4 minute read 4 Dec 2019
Three women walking in a factory shop

How a digital twin can model product life cycle management complexity

By EY Global

Ernst & Young Global Ltd.

4 minute read 4 Dec 2019

By mapping and building a complete virtual model of the manufacturing process and product life cycle, an enterprise can increase creativity and innovation.

We are living in a rapidly changing world. Our environment is increasingly volatile, uncertain, complex and ambiguous (VUCA). This VUCA world has significant impacts on the way we design, manufacture and manage products:

  • Volatility from product personalization efforts and new market players 
  • Uncertainty concerning market developments and planning for the worst case while striving for the best-case — at the same time
  • Complexity from increasing globalization, market regulations and diversifying ecosystems
  • Ambiguity regarding the impact of global events and the sustainability of established business models

All of these disruptors can lead to hesitation and fearfulness in how leaders operate their businesses. To stay competitive, enterprises must become lean, agile and digital. They also need to develop from product-oriented into project-driven companies.

Modeling complexity with a digital twin

The concept of the “digital twin” — a fully functioning virtual model of a physical piece of machinery or system — is established in many sectors. There are some well-known applications in predictive maintenance, where machinery such as passenger jet engines and construction equipment that is rented out, are fitted with multiple sensors that ping data to the digital twin to monitor wear on components.

Digital design and modeling is a fairly new trend in manufacturing site planning. It can help drive decisions about how to lay out the shop floor or anticipate health and safety issues, such as workers’ movements.

But in manufacturing itself, the digital twin is embryonic, and it can help move organizations into the future. The earlier they adopt the development of a digital twin, the faster they’ll get there.

With a digital twin, your own manufacturing facilities can be set up for greater experimentation with product development teams. Processes can be modeled, and modifications can be made based on hundreds if not thousands of “what-if” scenarios in terms of raw materials, product design, development, manufacturing, packaging and more.

Here are four key benefits in setting up a digital twin to manage and model complexity:

  1. Enablement of co-development and co-creation: New ideas and approaches can be tested and iterated quickly with outside firms. For example, in R&D, new ideas and technologies don’t have to be developed in-house — start-ups can be incorporated and the joint IP can be taken to market when it reaches maturity.
  2. New opportunities for changing the product mix: For example, a company could offer 80% of its products for customization within set parameters (just as we can configure the engines, color and trim of cars online) and 20% as totally unique, personalized configurations modeled quickly in the digital twin. This can pave the way for individualized medicines, which require manufacturing line changes for every single batch of production.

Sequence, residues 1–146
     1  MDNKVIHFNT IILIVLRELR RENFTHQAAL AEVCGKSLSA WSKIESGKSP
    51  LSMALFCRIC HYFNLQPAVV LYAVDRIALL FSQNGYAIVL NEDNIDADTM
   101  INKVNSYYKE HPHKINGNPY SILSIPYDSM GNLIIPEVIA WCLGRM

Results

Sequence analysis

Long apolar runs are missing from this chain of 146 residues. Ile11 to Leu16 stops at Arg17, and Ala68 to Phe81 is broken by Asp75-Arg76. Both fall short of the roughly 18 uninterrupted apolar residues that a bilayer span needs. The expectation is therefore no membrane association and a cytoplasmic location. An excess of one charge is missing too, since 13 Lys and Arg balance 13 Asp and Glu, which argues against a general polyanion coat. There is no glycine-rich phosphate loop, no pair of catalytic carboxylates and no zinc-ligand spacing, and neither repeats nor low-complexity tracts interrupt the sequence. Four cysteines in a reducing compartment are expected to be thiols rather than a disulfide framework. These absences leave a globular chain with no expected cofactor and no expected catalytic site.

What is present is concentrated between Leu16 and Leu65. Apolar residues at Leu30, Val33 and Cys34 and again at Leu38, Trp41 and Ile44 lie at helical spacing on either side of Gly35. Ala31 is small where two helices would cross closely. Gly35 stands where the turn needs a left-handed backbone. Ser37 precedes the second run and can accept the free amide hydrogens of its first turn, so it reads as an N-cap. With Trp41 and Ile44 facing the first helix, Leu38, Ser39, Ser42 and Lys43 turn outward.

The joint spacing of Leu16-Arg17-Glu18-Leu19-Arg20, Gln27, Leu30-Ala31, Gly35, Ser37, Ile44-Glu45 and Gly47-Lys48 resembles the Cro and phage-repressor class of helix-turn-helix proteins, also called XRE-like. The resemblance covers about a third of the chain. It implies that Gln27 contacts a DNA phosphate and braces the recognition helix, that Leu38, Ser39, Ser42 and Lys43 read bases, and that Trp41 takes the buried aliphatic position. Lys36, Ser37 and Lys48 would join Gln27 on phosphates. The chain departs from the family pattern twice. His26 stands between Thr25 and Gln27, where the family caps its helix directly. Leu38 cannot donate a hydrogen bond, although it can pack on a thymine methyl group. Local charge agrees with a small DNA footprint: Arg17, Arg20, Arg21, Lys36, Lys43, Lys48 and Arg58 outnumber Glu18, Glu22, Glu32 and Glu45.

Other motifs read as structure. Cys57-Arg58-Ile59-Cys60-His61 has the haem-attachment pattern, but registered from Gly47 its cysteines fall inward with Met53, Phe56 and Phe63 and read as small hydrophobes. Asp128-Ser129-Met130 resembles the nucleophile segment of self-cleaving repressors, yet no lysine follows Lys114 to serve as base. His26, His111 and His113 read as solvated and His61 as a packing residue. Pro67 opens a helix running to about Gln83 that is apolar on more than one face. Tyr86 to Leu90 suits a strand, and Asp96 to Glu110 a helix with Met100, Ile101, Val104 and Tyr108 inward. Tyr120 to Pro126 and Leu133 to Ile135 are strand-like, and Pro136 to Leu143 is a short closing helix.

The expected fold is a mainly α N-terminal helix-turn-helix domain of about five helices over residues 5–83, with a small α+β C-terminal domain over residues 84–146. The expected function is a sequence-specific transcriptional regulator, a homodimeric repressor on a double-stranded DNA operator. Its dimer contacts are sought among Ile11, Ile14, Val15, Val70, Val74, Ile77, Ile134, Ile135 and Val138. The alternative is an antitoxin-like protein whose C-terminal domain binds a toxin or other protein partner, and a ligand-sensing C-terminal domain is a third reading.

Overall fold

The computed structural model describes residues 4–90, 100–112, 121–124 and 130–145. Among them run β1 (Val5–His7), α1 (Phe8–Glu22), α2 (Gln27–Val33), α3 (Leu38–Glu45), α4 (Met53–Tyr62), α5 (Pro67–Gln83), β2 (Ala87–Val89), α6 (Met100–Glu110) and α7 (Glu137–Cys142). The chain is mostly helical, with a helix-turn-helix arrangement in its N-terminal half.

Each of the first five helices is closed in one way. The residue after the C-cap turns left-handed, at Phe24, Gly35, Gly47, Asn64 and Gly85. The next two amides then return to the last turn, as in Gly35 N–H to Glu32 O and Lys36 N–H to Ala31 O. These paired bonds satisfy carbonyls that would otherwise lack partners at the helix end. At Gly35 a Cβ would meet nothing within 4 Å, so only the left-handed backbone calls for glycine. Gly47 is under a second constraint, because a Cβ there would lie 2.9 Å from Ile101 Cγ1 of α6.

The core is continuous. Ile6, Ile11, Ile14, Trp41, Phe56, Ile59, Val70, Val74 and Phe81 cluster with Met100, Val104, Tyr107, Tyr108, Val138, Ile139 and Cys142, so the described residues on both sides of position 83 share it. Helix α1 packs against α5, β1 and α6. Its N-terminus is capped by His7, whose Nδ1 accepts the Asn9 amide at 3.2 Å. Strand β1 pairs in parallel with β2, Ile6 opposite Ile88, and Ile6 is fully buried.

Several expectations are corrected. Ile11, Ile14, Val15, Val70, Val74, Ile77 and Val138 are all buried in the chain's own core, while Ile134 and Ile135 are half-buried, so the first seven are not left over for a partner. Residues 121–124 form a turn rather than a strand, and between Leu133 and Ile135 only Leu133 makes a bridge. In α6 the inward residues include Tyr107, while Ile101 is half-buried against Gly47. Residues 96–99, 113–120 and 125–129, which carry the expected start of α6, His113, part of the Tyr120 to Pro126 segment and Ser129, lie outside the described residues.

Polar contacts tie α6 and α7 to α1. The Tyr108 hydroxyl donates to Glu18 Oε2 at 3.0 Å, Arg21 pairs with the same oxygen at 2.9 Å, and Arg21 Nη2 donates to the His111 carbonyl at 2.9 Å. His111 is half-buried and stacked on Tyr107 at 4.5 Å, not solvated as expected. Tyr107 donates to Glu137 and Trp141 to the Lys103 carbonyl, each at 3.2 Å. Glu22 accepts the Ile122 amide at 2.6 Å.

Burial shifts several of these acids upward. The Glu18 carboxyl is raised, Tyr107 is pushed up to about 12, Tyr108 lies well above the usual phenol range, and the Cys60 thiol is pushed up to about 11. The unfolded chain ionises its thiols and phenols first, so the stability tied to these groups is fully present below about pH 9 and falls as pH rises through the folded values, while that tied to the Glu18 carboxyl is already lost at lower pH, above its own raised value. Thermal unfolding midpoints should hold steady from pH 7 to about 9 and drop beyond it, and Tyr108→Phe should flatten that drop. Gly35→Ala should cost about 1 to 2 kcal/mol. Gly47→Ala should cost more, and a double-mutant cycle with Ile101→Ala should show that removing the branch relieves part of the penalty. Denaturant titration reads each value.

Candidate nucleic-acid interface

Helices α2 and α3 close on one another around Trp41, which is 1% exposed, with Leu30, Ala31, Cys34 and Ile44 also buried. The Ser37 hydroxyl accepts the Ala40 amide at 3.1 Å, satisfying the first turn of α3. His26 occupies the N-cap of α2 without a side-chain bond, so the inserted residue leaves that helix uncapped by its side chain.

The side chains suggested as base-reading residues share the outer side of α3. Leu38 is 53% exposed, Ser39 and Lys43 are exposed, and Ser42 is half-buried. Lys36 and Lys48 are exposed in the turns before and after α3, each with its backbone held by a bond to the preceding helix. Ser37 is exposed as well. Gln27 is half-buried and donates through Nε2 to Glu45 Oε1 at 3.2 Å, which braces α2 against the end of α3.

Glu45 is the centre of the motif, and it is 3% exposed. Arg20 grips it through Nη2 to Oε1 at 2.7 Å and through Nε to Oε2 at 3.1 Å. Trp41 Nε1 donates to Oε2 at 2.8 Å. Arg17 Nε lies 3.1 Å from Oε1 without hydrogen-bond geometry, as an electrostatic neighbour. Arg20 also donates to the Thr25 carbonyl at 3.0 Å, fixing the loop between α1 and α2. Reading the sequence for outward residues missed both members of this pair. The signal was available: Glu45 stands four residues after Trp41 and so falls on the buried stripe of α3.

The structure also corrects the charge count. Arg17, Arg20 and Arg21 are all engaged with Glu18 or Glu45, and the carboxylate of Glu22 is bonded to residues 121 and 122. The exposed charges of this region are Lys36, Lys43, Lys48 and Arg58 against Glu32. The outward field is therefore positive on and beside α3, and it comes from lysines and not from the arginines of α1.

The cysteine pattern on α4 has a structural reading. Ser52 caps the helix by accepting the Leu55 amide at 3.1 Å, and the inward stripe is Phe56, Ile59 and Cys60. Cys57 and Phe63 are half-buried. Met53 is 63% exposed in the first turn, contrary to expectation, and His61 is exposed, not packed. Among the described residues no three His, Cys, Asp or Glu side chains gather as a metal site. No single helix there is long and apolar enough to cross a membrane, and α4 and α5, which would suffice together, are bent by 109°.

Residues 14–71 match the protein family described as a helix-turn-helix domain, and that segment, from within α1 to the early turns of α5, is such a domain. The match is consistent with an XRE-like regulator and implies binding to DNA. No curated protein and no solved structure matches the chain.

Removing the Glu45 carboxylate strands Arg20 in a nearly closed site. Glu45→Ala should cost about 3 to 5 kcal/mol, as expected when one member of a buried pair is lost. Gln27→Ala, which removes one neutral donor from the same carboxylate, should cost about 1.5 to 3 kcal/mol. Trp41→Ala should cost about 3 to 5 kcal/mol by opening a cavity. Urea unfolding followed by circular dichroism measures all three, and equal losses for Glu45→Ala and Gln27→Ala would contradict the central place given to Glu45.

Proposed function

3. New core IP: Manufacturing technologies and development will become part of new business models. The digital twin can enable collaboration across the globe, for example, with product designers “sending to print” short-run products. Or the digital twin could provide more accurate cost estimates for production by modeling a new manufacturing process.
  4. Faster reactions: Breaking down the product life cycle into modular building blocks can help companies make small changes quickly. For example, updates to pharmaceutical regulations mean both documentation and production need to be amended quickly — and the digital twin allows faster tweaks to the process rather than a complete overhaul.
The earlier manufacturers adopt the development of a digital twin, the faster they’ll get to the future.
Dr. Adrian Reisch
EY Global Product Lifecycle Management leader

Orienting toward the future

Companies always need to protect their existing core business while preparing for the future by running both efforts on a parallel track. So, to begin embracing complexity and become project-driven, there are three key questions that companies should consider:

  • Should we combine product and manufacturing development?
  • When and how do we create a digital twin for manufacturing processes? For example, new factories and processes are easier to map in a digital twin than long-established production lines.
  • How do we fit our existing manufacturing and product knowledge into the digital twin?

There’s usually no escape from complexity. The trick, however, is to build the tools and processes to manage whatever comes next in a lean and agile fashion. Modeling your product life cycle management and manufacturing processes in the digital twin is one step to having the ability to cope with whatever disruption and complexity comes your way and staying two steps ahead of competitors.


Modeling your product life cycle management, manufacturing processes, and end-to-end supply chain processes in the digital twin is one step to managing whatever disruption comes your way.

About this article

By EY Global

Ernst & Young Global Ltd.